Archbishop blasts anti-mask protesters

Archbishop blasts anti-mask protesters Archbishop of Dublin Dr Diarmuid Martin.

Archbishop of Dublin Diarmuid Martin has hit out against those organising anti-mask protests and warned that any restrictions on the right to public worship must be minimal.

Speaking this evening (Thursday) at an online gathering of the Dublin Council of Churches, Dr Martin praised the tireless commitment of those – particularly frontline workers – responding to the pandemic.

However, he said it would be wrong “not to note the emergence of some negative trends in Irish society.

“When you look at some of the protests against mask-wearing and other restrictive measures, behind outward talk of respecting individual liberties there was also [a] strain of negation of the virus,” he said.

Dr Martin said that “Some of those who took part in these anti-mask demonstrations were the same groups that attempted to overturn my car when I attended an Islamic gathering in Croke Park.

“There are voices out there who do not understand, or do not want to understand, what religious tolerance means in the Ireland of today and that should concern all of us,” the archbishop warned.

On the fact that Government restrictions currently ban public worship in the Republic – the only part of Europe with such restrictions – Dr Martin insisted that “There can be a justification for the closing of churches, especially at crucial moments or to protect vulnerable people”. But, he warned that “such measures should however be limited to the minimum period necessary”

He said that “For Catholics, the celebration of Mass and the sacraments is at the very heart of what it means for us to be a Christian community. These are not simply ‘gatherings’ of people, but profound expressions of who we are as a Church.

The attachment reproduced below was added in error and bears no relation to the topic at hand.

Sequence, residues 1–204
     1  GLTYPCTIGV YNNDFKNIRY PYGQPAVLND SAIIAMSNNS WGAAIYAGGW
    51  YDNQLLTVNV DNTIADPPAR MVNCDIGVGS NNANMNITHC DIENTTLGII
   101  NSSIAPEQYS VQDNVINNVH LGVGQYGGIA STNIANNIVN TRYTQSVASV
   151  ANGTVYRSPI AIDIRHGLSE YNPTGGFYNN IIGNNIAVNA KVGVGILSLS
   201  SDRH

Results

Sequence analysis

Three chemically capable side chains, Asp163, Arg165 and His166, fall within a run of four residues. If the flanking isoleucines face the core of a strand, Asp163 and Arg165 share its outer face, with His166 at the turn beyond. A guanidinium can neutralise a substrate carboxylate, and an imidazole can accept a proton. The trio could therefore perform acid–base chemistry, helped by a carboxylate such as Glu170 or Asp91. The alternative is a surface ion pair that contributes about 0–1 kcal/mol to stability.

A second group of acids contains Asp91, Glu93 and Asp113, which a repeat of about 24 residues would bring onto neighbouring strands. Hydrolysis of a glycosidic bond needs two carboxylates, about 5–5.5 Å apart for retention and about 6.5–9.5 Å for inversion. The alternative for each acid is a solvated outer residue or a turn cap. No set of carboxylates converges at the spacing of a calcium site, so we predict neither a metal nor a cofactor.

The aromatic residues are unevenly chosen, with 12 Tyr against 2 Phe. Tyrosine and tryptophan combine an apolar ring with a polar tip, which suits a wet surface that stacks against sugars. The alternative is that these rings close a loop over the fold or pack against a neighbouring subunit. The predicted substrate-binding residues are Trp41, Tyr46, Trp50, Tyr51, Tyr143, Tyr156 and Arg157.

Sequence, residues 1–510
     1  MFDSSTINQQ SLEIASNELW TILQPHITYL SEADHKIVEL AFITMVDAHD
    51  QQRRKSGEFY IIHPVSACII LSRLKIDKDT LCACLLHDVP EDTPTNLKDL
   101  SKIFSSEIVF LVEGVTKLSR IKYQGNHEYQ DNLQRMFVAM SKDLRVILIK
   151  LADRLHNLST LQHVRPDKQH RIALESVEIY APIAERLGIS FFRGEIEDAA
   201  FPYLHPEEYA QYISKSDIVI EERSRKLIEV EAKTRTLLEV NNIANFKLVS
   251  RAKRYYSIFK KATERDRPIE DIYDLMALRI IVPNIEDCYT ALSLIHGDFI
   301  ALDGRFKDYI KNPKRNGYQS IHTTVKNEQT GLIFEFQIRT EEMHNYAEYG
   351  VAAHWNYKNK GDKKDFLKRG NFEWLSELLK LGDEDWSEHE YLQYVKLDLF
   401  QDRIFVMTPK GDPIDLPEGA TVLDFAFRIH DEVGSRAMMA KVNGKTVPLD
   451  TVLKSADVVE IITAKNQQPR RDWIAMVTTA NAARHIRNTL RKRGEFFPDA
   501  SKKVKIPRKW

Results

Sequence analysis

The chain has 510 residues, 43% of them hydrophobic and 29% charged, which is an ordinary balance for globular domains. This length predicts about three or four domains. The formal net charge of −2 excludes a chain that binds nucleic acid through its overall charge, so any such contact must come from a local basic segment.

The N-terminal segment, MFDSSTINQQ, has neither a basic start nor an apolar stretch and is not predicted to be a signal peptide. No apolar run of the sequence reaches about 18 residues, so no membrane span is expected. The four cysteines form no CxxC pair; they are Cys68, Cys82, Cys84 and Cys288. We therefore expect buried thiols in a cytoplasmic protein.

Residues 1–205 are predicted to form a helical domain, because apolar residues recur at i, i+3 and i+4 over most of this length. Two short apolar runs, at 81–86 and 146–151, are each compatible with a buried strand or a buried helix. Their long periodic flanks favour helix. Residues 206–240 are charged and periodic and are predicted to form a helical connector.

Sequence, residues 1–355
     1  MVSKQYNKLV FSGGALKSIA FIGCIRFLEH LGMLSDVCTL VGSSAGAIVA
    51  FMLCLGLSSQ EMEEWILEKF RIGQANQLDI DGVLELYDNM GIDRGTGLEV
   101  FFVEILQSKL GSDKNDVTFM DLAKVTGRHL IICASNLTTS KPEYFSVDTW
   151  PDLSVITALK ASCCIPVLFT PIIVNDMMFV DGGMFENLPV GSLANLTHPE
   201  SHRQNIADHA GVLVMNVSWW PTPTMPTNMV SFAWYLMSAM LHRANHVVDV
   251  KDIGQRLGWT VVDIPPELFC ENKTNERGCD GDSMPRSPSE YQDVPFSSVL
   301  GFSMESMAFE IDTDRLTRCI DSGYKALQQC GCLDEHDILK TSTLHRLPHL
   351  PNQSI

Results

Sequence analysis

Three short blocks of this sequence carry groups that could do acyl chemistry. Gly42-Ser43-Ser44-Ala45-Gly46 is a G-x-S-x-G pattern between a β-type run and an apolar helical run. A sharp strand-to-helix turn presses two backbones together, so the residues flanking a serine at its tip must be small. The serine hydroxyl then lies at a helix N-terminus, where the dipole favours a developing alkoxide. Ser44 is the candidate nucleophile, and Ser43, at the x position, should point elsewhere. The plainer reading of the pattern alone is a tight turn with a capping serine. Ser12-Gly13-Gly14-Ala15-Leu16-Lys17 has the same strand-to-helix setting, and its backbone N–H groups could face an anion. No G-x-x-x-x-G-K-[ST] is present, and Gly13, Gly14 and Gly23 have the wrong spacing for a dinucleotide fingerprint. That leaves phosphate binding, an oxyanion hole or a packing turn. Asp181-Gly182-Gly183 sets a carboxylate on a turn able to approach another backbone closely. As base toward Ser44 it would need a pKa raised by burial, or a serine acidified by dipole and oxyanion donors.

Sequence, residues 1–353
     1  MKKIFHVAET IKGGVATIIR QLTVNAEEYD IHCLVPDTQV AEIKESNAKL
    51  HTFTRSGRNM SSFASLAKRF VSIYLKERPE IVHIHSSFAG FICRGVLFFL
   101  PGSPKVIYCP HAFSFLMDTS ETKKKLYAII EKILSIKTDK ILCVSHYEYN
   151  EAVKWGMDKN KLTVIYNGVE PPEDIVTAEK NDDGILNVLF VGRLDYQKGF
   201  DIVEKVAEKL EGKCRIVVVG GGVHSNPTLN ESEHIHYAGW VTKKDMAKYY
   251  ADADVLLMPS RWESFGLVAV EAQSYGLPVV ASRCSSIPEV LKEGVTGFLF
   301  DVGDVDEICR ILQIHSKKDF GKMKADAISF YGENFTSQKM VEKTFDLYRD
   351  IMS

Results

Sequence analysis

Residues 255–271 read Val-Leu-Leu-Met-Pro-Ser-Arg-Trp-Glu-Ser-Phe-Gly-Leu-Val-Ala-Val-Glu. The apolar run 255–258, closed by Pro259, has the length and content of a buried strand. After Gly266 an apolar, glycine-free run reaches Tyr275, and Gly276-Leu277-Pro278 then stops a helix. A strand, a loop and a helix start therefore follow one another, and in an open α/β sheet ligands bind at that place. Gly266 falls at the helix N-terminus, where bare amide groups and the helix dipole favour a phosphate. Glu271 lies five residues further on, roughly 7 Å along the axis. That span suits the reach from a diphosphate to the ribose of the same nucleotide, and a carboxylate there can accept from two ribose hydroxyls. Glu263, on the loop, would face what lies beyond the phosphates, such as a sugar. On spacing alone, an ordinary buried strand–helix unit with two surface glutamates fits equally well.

“For parishes and individual Catholics the loss of these spiritual supports can be a source of great anxiety and fear and can have a detrimental impact on their overall health and well-being,” the archbishop said.

He said that the crisis be a moment of pause to ponder on the future of the Church in Ireland. “We have to use the current situation to reflect on what kind of Church we need during the pandemic and afterwards.

“There will be no rushing back to church services. The inability to attend public worship has led to creative use of social media to make services available online.

“When we reflect on situations in which people have been or are today prohibited through persecution to attend public celebrations, the faith is maintained in other ways especially through fostering faith in the family,” he said.

Urging Catholics to be creative in reaching out, Dr Martin said: “We can rightly lament the loss of our ability to celebrate in our cathedrals but we must also remember that the Lord has placed us in the unexpected new Cathedral of the harshness of human suffering.

“That is where we are called to be and to minister, and these new cathedrals will be strikingly more authentic and remarkably less clerical and institutional,” he said.

Dr Martin along with the Primate of All-Ireland Eamon Martin, Archbishop of Tuam Michael Neary and Archbishop of Cashel and Emly Kieran O’Reilly wrote to Taoiseach Micheál Martin last week expressing concern at the ban on public worship. They requested a meeting with the Taoiseach and are awaiting a reply.